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Alexandra Reese's Growth Guide

Timely leadership insights to accelerate your growth & impact


Thank you for being a valued member of my community! And welcome to the eighth edition of the Growth Guide. Links to the first seven editions are now at the bottom of this edition, along with opportunities to partner. 

I'm excited to announce that I'm transitioning the Growth Guide to a weekly newsletter, which will arrive in your inbox every Thursday. Each edition will contain one timely tip to accelerate your growth!


Create an unfair competitive advantage with performance management

Today, I’m going to show you how to create an unfair competitive advantage with your performance management system.


When you build an effective performance management system, you will dramatically improve the quality of people you attract, the engagement and retention of top talent, and overall organizational performance. Seriously, it is hugely impactful.


If the idea of yet another transformation feels daunting, you can build slow. Implementing just one better practice from this article will boost engagement and performance.


Unfortunately, most organizations will continue to hemorrhage top talent because of poor performance management. That’s because their leaders don’t understand that performance management is the key to addressing the top drivers of engagement and retention.

Bad performance management causes employees to quit

Eight of the top ten reasons employees quit their last job are the result of bad performance management.


With strong performance management, you can address almost every concern that leads an employee to leave. I’ve observed or worked with dozens of organizations to hone their performance management systems. I’ve also spent 100+ hours researching performance management in the post-2020 world. Today, I’m going to distill that experience down to a framework for performance management and three better practices to bring that framework to life.


Effective performance management has four elements


Better Practice #1: Personalize the experience

You segment your customers and personalize their experience. You need to do the same for your people.


McKinsey’s Chief People Officer, Katy Gorge, summarized the importance of personalizing the employee experience in her Harvard Business Review article, Competing in the New Talent Market:

From preset career paths to self-authorship, research shows that people want the ability to personalize their jobs in a way that supports flexibility and well-being. Moreover, rather than following a pre-determined career track up a corporate ladder, they want to create their own career paths.

Put this better practice into action:

1. Succession plan

All too often, organizations lose great people because they lack paths for advancement. Succession planning is an effective way to create those paths. Not only does it generate clear advancement paths for top performers, it also opens important conversations about talent development and retention organization-wide. For example: How healthy is our internal talent pipeline? How effectively and equitably are we advancing people through this pipeline?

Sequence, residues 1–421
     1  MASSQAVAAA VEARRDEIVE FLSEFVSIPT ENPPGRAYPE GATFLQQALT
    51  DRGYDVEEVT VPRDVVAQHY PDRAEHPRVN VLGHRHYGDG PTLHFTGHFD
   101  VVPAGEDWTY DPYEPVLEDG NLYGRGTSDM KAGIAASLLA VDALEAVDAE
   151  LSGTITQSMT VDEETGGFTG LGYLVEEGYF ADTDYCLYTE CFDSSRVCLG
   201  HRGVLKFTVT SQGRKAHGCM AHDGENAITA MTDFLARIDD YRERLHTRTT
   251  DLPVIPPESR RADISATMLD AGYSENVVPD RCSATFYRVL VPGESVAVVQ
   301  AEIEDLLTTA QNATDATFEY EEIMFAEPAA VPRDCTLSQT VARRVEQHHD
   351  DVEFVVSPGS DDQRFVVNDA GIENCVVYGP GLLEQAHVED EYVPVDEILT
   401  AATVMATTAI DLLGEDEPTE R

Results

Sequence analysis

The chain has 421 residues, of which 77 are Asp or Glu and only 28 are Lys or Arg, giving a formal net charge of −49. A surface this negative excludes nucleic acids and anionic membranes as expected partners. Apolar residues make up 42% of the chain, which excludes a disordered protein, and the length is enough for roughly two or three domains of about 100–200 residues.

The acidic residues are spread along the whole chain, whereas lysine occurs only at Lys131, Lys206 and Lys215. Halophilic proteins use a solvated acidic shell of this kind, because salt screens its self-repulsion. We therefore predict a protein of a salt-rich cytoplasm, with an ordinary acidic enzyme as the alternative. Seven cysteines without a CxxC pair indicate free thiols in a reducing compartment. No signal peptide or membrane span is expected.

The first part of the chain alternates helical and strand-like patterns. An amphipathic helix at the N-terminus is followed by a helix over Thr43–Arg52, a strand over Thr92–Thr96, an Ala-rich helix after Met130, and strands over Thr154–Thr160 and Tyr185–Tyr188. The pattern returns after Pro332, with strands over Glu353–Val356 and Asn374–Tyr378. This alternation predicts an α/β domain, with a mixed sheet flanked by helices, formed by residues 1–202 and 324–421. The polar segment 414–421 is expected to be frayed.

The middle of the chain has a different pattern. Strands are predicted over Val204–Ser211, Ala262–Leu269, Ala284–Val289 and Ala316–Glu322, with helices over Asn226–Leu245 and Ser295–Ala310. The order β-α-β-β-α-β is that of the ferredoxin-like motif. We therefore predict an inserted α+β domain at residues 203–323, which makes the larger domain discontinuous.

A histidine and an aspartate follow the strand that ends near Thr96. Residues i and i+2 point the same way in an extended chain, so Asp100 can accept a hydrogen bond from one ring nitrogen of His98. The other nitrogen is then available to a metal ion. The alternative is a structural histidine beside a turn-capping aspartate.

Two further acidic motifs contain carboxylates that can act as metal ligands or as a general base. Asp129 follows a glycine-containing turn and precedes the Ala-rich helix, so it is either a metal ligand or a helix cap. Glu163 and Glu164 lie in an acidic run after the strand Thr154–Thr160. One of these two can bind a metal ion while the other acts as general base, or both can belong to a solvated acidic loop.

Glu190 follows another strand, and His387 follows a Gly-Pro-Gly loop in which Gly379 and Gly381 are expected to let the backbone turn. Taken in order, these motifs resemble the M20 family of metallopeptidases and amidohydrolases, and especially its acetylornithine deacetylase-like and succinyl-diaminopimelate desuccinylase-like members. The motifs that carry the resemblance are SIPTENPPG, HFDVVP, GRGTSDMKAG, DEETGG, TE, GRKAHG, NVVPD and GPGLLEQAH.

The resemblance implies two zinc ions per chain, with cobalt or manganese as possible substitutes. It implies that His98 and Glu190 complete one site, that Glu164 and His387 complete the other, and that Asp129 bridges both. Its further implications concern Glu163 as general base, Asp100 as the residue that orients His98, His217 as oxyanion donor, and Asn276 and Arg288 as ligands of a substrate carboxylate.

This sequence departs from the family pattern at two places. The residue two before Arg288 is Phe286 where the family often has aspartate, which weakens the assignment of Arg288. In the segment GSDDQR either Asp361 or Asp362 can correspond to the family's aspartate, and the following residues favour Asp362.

The benefit of having these conversations as part of succession planning is that it places them in the context of business need. You can’t advance people just because they’re talented; you must also have a clear business need.

2. Train managers as coaches

Most leaders get personalization wrong because they think it’s their job to direct and administer a unique experience for every person. It’s not. It’s their job to empower each person to create their experience within a broad set of parameters (e.g., job and behavior expectations). 
This is coaching. And it’s a practical skill that can be taught and learned. 

If you’re interested in coach training for your managers, reply to this newsletter. If I get enough interest, I’ll create a short guide and companion training.

Better Practice #2: Set value-based expectations 

Expectations are the foundation of your performance management system. They begin in the job description, carry through to annual and quarterly performance goals, and get reinforced in check-ins and feedback conversations.


Most leaders phone this work in. They copy and paste job descriptions, giving little thought to how the contributions and nature of the role may have changed. They use the same standard set of goals for every role, failing to account for the unique contribution potential of teams and individuals. And, consequently, they have no basis from which to give meaningful, fair feedback.


The impact of poor expectations on employee engagement, productivity, and retention cannot be overstated. Wall Street Journal reporter, Josh Jamerson, summarized this impact perfectly in his tweet below. Poor expectations lead to burnout, full stop.

To set better expectations, focus on value and values. More on this below.

Put this better practice into action:

1. Design job descriptions around value delivered

Task- and competency-based job descriptions create confusion and kill performance. Do the work up-front to clarify the value each team and individual is responsible to deliver. And make sure the performance goals you set are within their control to deliver. If you’d like to see a value-based job description, reply to this newsletter. I’d be happy to share an example from one of my clients who has used value-based job descriptions to dramatically improve hiring, performance, and retention.